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Farming as Family Business

Sorting beans at the CEDO warehouse in Rakai, Uganda.

ON THE GROUNDS SURROUNDING A ONE-STORY WAREHOUSE in the Rakai district of Uganda, dozens of women pore carefully over piles of beans spread over plastic sheets, intently sorting out any defects. There is a festive, family picnic kind of atmosphere, as children play alongside their working mothers.

These women are part of a bean supply chain that is increasing the incomes of farmers in this region of central Uganda. They are employed by the Community Enterprises Development Organization, more commonly known by its acronym of CEDO, a Lutheran World Relief partner that is a success story in how it is helping to lift its farmer members out of poverty.

“We have managed to take beans to the next level,” said Charles Katabalwa, CEDO program officer. “People know we have quality, so they come to us.”

CEDO is a farmer-owned organization that helps members to produce a successful crop. It provides them with micronutrientenriched seeds and then helps them get the best possible price from buyers. The idea is to improve nutrition among the farmers and their families, whether they are eating the nutrient-enriched beans themselves or are selling them as a cash crop.

The ultimate goal is to transform farmers from consumers to entrepreneurs. CEDO is supported by LWR’s Sustainable Enterprises for Trade Engagement (SENTE) project, which encourages farmers to move beyond subsistence agriculture to growing crops for cash. Farmers are trained to keep records so they can track expenditures and sales, keeping them on a profitable track.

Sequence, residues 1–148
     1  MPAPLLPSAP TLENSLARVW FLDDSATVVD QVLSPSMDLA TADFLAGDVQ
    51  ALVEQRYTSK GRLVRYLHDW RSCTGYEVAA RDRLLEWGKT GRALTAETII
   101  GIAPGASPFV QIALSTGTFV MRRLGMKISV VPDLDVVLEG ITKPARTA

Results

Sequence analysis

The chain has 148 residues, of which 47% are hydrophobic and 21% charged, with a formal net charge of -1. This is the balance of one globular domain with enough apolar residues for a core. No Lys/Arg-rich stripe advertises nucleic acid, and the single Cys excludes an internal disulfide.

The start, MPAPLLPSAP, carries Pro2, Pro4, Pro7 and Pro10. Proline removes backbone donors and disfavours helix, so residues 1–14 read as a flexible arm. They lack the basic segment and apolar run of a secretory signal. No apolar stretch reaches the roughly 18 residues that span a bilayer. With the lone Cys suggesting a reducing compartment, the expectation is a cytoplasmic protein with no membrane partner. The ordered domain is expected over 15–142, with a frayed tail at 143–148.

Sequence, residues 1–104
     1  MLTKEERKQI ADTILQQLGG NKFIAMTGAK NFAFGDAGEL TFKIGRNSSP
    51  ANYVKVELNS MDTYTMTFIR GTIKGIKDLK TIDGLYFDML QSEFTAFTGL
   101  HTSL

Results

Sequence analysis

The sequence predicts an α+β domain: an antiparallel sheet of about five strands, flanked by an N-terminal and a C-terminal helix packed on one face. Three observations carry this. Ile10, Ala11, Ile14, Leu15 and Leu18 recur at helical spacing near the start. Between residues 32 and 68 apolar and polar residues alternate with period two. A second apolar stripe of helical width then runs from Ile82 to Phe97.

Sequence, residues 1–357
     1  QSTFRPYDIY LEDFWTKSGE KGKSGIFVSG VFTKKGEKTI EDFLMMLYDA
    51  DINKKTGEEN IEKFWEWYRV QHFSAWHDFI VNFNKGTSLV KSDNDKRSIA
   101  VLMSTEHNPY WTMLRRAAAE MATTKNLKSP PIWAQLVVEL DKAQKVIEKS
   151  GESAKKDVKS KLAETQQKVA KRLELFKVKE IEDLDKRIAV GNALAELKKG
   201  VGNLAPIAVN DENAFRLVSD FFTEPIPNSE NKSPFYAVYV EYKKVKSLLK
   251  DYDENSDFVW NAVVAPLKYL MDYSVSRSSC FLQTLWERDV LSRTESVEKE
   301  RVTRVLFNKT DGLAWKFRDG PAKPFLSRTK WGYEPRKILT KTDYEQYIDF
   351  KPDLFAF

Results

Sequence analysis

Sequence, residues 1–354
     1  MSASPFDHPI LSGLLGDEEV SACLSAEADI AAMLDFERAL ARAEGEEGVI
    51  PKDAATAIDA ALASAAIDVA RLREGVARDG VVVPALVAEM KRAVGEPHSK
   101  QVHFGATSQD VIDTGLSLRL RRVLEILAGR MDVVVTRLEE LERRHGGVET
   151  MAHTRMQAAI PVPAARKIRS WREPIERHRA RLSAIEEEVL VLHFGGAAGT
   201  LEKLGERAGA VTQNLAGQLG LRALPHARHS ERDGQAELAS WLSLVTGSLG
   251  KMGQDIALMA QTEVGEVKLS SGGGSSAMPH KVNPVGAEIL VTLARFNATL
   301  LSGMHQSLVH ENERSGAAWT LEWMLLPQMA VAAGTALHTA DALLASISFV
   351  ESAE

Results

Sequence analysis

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A coffee farmer in Masaka district used her coffee income to start a chicken business as an income-diversification strategy
A coffee farmer in Masaka district used her coffee income to start a chicken business as an income-diversification strategy

In addition to focusing on bean production with CEDO, the SENTE project, which translates to “money” in the local language, also works with two other cooperatives specializing in coffee and maize, since most farmers in the region grow all three crops.

“We encourage them to approach farming as a business, to keep track of how much they’re spending and how much they’re getting in return, for a farmer to know, ‘I have put in this much and this is what I’ve gotten out of it,’” says Georgina Nakubulwa, the SENTE project coordinator.

The secret weapon in this strategy’s success is the network of specially trained farmers who in turn advise their farmer neighbors. These resident extension workers, known as village enterprise agents, teach their fellow farmers about plant diseases and agricultural techniques relayed via a smartphone application. They also record data that helps LWR assess the progress of the SENTE project and monitor crop condition.

Rovince Kiggundu is a village enterprise agent who works with 215 farmers organized in five farmer groups. She spends part of her week conducting field visits to advise and evaluate these members. She reports that the most recent season yielded a bumper bean crop. One of the groups she advises planted 50 kilograms of bean seed and harvested a robust 1,500 kilograms, which they sold to CEDO. The farmer group members were so happy with the proceeds that they chipped in and bought Rovince a present, a traditional Ugandan dress called a gomesi, to show their gratitude.

Rovince says the efforts by CEDO and the SENTE project have changed the way these farmers view their livelihood. Many have expanded beyond planting the basic crops, and are beginning to build herds of livestock for more diversified income.

“Most of these farmers were producing for consumption,” she says. “Now they invest for the purpose of getting a profit. Farming has become their business.”

This article appears in: LWR Special Reports

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